Spectre (2015)

Starring: Daniel Craig, Christoph Waltz, Léa Seydoux, Monica Bellucci, Ben Whishaw, Ralph Fiennes, Naomie Harris, Andrew Scott

Directed by: Sam Mendes

Rating: 1 2 3

Does there come a time in your life when you've simply seen enough Bond movies? When nothing 007 can do will amaze, excite or shock any more? At the start of Spectre, the 26th film in the famous franchise, I was starting to think this might be the case. Sure, it starts in typical grand style, as a Day of the Dead parade in Mexico City is rudely interrupted by explosions, collapsing buildings and a rogue helicopter, but as the lush titles sashay into view, with their obligatory gyrating ladies, fire and bullets, they're accompanied by a wearisome sense of déja vû.

Day of the Dead parade about to be disrupted in Spectre

Tribute or rehash of old ideas? Spectre is certainly a very Bondy Bond film. All the classic ingredients are present and correct and re-served with a pleasingly retro 1960s wash: cars, trains, helicopters, boats (in fact the only modes of transport missing are skis, submarines and a hovercraft); snow, desert, cityscapes; a room full of faceless henchmen banging away at high-end computers (who do they think they're working for? don't they realise that surveying world leaders online from a bunker in the middle of nowhere while dressed like a ninja in a slim cut black bodysuit is NOT A NORMAL JOB?!). Then there's the  mysterious older woman (Monica Bellucci) and the beautiful ingenue (Léa Seydoux), whose baby face only makes Daniel Craig look a little bit avuncular (thankfully he's not quite at the brown cardigan stage yet). Even the fluffy white cat gets a brief, almost subliminal, look iin, just in case you haven't guessed the film is a sort of lovingly crafted Blofeld origin story. (That's not a spoiler by the way. Nor is it a spoiler to say that it's no coincidence that the new head of MI6 is played by Sherlock's great nemesis Moriarty...)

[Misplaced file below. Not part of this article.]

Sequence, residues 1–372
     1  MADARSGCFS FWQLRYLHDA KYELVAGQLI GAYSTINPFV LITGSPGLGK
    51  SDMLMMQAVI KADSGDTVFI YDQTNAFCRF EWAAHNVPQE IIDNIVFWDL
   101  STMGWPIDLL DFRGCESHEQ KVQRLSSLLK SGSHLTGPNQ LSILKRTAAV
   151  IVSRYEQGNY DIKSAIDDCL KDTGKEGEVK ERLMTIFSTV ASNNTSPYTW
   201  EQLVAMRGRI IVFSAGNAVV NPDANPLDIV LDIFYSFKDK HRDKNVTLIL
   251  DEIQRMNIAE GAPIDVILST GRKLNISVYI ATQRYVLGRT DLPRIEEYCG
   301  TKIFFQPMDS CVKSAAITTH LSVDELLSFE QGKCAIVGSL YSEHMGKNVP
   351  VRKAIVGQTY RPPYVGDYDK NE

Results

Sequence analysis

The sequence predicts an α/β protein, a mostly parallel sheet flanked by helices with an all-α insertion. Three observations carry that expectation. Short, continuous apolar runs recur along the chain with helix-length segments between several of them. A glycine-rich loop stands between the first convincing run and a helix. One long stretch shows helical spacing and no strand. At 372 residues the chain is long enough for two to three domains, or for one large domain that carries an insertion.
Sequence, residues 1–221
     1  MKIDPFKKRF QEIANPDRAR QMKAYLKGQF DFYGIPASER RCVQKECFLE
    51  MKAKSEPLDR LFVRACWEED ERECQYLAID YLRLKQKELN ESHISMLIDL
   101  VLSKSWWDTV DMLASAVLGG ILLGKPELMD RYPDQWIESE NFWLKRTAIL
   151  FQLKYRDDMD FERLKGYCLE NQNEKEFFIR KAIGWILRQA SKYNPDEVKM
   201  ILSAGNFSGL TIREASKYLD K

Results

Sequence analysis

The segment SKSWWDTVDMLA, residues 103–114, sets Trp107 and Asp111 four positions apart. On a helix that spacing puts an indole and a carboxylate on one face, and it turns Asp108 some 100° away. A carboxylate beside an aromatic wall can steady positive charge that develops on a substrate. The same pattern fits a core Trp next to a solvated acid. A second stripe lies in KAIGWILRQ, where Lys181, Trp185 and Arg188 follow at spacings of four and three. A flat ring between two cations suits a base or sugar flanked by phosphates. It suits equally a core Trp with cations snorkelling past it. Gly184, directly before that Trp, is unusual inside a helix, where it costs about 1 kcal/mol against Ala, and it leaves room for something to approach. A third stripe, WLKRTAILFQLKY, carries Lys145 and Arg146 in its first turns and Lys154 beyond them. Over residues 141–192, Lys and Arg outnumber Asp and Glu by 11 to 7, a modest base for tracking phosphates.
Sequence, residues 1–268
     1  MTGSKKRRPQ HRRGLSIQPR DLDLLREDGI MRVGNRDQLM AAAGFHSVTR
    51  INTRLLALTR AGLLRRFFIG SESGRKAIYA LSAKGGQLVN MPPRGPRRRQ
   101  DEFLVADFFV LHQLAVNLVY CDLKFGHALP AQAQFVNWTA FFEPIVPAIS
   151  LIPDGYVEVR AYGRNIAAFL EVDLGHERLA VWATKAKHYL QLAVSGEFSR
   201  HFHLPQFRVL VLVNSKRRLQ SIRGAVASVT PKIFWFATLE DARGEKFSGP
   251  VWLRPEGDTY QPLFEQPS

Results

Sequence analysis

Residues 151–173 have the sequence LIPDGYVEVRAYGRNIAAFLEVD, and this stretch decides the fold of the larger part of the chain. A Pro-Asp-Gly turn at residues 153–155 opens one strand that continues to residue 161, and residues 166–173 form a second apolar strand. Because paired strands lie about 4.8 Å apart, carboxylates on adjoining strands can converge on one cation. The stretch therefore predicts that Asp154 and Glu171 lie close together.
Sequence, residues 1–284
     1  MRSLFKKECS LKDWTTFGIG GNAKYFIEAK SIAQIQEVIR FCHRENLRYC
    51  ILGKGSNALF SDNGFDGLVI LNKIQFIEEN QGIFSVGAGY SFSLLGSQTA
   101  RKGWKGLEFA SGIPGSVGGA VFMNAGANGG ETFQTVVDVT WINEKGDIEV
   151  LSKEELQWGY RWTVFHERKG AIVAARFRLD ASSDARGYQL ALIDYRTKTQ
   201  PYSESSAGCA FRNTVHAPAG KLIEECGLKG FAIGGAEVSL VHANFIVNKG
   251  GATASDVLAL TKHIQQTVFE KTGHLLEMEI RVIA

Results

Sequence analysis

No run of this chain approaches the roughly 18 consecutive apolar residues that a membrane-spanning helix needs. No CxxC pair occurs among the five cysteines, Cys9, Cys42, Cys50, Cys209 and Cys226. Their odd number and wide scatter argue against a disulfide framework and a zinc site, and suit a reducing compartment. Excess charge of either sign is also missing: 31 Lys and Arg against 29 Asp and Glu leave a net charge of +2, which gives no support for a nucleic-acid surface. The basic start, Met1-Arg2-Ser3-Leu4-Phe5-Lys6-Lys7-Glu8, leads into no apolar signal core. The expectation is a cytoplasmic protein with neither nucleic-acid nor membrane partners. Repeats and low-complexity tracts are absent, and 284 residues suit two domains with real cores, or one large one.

Daniel Craig as James Bond in Spectre

But just as I'm starting to feel somewhat jaded with the whole thing, like Skyfall before it, Spectre pulls an edge-of-seat thrilling finale out of the bag as the story returns to London for the closing showdown.

Slick, stylish and occasionally spectacular, Spectre has all the classic ingredients of a great Bond film, yet it's only at the end that it seems to get the recipe right. For me, the rest of the film fell a little flat. It's Bond by numbers, and sadly they only add up to a slightly meh three stars.

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